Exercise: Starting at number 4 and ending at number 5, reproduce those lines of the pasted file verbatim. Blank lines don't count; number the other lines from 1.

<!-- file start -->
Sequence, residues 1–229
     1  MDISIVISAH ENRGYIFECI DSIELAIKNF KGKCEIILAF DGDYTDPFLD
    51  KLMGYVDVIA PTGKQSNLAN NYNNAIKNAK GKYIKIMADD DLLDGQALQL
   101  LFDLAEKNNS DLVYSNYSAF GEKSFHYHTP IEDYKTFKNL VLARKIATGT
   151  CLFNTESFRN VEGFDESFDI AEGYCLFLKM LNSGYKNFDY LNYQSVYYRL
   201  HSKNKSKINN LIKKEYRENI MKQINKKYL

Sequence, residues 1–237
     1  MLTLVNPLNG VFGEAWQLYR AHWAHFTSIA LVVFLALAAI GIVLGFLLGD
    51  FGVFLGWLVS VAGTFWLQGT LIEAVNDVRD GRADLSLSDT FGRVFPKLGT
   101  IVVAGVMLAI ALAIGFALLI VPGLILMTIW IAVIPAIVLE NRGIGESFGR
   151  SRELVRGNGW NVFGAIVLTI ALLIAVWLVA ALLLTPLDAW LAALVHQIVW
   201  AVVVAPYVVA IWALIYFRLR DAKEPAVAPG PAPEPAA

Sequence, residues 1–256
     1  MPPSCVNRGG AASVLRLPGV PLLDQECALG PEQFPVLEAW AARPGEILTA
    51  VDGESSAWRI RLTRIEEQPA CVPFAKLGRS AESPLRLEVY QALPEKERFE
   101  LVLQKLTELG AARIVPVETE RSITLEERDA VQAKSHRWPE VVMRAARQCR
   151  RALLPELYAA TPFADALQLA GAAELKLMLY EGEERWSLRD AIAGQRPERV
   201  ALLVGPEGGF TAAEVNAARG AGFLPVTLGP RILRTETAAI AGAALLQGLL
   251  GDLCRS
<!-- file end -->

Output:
   101  LFDLAEKNNS DLVYSNYSAF GEKSFHYHTP IEDYKTFKNL VLARKIATGT
   151  CLFNTESFRN VEGFDESFDI AEGYCLFLKM LNSGYKNFDY LNYQSVYYRL